The autumn of 628 saw Mahomet fully established in Medina. He had made his worth known by his energy and organising power, by his devotion to Allah and his zeal for the faith he had founded. The Medinans regarded him already as their natural leader, and he had definitely adopted their city as his headquarters. Through his skill as a statesman and his loyalty to an idea he wrought out, the foundations of his future state, and if the latter months of 623 saw him not yet strong enough to overcome the Meccans, at least he was so firmly established that he could afford to dispense with any overtures to the increasingly hostile Jews, and he had gained sufficient adherents to allow him to contemplate with equanimity the prospect of a sharp and prolonged struggle with the Kureisch.
THE SECESSION OF THE JEWS
"Even though thou shouldst bring every kind of sign to those who have received the Scriptures, yet Thy Kibla they will not adopt; nor shalt thou adopt their Kibla; nor will one part of them adopt the Kibla of the other.”—The Kuran.
Mahomet realised the position of affairs at Medina too acutely to allow of his undertaking in person any predatory expeditions against the Kureisch during the autumn and winter of 623. The Jews were chafing under his tacit assumption of State control, and although their murmurings had not reached the recklessness of strife, still both their leaders and the Muslim perceived that their disaffection was inevitable. Insecurity at home, however, did not prevent him from sending out an expedition in Rajab (October) of that year under Abdallah. Rajab is a sacred month in the Mohamedan calendar, one in which war is forbidden. Strictly, therefore, in sending out an expedition at all just then Mahomet was transgressing against the laws of that religion which, purged of its idolatries, he claimed as his own. But it was a favourable opportunity to attack the Kureischite caravan on its way to Taif, and therefore Mahomet recked nothing of the prohibition.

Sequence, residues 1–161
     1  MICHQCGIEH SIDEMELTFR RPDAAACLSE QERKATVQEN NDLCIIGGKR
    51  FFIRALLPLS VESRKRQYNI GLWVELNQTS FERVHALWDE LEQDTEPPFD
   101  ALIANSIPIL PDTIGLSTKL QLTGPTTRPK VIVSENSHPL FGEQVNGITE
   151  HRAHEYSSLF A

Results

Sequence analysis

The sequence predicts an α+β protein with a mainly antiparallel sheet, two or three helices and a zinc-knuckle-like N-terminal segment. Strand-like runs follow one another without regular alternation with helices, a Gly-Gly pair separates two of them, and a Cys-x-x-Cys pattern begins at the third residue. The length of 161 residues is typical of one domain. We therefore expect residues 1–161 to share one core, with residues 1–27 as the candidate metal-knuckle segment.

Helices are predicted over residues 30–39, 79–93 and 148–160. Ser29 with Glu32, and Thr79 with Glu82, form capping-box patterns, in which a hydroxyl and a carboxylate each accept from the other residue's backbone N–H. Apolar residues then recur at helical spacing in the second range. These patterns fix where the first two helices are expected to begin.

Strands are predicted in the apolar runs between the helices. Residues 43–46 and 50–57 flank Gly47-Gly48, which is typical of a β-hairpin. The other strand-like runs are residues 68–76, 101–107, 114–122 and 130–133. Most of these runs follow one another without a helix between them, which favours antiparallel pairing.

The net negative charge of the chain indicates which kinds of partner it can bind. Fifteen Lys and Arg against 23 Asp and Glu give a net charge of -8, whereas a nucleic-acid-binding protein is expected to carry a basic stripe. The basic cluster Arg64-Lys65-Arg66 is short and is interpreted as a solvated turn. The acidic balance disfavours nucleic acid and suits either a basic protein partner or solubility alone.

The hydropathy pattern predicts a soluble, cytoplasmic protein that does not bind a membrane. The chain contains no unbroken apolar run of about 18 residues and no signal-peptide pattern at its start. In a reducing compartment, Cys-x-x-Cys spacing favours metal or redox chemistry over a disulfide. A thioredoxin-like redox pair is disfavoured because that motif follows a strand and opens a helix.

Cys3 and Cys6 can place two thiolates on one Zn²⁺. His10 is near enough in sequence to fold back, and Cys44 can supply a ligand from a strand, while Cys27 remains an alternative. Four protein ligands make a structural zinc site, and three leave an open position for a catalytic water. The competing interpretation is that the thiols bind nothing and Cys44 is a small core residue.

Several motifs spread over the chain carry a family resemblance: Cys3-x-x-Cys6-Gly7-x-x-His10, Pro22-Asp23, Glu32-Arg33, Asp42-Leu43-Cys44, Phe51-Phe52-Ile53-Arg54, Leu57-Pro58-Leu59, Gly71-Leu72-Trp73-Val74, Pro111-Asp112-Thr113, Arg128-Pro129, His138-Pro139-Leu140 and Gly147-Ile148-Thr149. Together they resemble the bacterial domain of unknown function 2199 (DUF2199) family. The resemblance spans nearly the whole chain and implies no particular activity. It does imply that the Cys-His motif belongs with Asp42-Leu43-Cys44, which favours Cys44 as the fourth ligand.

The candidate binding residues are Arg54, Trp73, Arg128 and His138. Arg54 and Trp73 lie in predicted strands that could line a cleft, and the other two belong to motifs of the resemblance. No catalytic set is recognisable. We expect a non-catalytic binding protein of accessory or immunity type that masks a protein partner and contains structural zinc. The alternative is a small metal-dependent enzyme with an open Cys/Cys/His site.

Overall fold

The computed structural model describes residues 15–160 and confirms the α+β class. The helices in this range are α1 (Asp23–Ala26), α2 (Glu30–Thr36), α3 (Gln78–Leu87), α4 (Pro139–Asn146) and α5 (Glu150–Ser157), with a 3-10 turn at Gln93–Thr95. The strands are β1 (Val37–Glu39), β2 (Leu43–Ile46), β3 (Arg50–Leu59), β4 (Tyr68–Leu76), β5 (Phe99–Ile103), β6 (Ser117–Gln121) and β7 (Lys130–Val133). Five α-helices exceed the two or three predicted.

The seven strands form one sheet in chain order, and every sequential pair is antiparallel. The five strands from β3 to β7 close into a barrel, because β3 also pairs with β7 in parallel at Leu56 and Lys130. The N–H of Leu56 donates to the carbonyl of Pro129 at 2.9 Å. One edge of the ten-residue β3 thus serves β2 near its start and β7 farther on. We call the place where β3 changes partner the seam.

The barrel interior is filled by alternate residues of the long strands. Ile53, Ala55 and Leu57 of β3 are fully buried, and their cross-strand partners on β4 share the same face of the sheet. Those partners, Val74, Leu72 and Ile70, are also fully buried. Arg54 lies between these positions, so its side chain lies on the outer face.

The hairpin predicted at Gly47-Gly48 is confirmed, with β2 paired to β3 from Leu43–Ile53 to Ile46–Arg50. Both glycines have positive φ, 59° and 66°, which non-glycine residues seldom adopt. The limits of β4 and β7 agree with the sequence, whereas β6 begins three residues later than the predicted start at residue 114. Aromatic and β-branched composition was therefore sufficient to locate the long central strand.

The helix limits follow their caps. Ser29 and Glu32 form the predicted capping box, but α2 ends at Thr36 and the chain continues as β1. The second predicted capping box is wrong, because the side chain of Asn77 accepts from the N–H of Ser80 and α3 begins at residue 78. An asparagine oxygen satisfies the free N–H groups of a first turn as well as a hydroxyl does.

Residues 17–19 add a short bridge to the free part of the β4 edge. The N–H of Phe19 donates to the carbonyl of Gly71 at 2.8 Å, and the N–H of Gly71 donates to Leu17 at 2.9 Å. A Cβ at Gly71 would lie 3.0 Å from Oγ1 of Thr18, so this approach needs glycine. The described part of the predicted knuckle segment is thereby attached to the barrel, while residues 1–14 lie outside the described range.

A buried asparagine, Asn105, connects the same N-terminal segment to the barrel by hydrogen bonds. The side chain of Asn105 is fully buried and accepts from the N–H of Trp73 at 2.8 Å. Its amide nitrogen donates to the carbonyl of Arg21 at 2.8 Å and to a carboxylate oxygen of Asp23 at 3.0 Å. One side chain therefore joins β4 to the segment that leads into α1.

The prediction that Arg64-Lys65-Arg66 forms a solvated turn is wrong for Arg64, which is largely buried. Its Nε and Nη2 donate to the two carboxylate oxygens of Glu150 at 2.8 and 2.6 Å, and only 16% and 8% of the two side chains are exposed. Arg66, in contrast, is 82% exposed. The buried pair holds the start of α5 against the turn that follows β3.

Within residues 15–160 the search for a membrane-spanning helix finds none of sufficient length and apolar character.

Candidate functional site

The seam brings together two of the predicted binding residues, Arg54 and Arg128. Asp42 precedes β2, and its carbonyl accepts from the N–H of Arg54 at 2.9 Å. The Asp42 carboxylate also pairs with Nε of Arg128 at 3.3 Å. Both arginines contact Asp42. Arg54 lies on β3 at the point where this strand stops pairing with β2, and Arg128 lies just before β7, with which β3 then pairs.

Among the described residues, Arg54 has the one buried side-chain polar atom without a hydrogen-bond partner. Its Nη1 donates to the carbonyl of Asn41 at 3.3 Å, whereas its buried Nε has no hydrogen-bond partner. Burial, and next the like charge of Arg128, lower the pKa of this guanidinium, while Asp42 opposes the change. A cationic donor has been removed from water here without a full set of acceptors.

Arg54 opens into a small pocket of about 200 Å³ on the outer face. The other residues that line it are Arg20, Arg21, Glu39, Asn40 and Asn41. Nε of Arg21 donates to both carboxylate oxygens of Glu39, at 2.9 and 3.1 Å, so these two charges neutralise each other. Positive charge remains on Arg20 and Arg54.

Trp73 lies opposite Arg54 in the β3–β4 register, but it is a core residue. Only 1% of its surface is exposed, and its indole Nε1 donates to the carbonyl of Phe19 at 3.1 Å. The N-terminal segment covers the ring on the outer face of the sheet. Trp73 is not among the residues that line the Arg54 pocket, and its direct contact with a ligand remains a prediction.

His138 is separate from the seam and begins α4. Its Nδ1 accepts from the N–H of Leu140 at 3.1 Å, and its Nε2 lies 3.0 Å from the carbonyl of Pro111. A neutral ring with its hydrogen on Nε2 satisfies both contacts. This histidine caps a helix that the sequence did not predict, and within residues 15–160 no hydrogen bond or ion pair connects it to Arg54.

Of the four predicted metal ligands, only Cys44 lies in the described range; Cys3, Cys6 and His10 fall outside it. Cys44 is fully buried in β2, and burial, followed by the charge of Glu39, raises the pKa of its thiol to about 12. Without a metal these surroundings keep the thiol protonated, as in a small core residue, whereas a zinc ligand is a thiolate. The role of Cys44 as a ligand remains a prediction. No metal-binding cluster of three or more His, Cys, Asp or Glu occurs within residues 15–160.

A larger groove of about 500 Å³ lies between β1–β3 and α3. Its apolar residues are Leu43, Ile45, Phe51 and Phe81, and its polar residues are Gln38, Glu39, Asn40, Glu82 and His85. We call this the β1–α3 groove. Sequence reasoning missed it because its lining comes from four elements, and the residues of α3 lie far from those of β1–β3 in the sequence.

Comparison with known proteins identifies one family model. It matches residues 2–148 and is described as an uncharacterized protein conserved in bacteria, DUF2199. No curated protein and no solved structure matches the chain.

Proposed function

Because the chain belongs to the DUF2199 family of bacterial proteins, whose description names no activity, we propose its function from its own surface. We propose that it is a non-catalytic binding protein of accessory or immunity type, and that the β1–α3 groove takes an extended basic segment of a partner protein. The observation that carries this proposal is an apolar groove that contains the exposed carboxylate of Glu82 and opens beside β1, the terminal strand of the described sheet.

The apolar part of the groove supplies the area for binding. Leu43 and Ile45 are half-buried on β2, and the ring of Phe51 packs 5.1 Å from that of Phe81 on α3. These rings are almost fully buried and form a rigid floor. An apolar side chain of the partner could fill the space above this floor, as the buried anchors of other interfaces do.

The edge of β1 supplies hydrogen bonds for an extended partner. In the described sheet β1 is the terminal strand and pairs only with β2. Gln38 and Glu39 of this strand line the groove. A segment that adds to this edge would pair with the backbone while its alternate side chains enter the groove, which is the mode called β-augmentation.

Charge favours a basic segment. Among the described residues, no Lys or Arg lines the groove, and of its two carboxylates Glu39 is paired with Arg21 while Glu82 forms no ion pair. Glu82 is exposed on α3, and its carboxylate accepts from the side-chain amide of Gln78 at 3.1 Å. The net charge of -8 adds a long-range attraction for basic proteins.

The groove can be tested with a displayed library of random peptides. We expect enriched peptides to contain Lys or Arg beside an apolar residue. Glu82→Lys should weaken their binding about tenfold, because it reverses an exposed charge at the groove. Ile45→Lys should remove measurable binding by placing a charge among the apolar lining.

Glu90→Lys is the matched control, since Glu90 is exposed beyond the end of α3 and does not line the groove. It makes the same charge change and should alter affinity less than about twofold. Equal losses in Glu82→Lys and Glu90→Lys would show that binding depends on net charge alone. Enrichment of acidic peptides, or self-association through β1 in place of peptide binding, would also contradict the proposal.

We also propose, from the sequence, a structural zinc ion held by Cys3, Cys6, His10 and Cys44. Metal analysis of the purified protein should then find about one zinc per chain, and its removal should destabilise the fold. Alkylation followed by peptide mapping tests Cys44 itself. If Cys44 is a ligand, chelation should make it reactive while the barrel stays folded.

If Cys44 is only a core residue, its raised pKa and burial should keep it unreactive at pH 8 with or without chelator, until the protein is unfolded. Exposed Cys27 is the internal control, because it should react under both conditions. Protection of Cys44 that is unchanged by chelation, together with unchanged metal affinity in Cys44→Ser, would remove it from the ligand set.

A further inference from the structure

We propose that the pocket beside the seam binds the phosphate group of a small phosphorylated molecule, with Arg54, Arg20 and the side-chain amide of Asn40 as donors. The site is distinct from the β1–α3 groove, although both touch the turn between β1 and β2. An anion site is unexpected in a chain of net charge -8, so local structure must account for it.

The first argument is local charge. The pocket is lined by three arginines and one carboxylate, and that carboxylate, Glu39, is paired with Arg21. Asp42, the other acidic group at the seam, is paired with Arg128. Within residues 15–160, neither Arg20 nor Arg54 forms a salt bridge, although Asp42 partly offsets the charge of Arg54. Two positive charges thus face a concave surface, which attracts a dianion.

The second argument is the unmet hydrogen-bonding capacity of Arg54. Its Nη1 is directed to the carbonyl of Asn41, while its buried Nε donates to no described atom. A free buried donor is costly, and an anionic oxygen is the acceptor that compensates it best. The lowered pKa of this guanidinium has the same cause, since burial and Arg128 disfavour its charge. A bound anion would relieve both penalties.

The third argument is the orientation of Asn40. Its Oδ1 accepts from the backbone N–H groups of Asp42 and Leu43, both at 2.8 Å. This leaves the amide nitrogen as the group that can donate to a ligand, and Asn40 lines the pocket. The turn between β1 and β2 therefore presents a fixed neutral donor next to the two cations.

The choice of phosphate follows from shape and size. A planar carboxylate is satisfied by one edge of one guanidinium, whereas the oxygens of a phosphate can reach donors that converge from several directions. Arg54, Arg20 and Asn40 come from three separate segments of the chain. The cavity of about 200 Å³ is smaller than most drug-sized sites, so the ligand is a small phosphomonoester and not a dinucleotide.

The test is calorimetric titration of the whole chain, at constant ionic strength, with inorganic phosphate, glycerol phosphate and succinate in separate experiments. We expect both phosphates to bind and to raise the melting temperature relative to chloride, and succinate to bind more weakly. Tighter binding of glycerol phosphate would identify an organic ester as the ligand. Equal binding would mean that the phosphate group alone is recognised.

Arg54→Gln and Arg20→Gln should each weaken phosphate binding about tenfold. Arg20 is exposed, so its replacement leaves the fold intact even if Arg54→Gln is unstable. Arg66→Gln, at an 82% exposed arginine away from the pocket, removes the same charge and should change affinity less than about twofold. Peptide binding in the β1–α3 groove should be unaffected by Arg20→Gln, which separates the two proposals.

Taif was a very distant objective for an expeditionary band from Medina, and that Mahomet contemplated attack upon his enemy by a company so far removed from its base is convincing proof, should any be needed, of his confidence in his followers’ prowess and his conciliation of the tribes lying between the two hostile cities.
Sealed orders were given to Abdallah, with instructions not to open the parchment until he was two days south of Medina. At sunset on the second day he came with his eight followers to a well in the midst of the desert. There under the few date palms, which gave them rough shelter, he broke the seal and read:
“When thou readest this writing depart unto Nakhla, between Taif and Mecca; there lie in wait for the Kureisch, and bring thy comrades news concerning them.”
As Abdallah read his mind alternated between apprehension and daring, and turning to his companions he took counsel of them.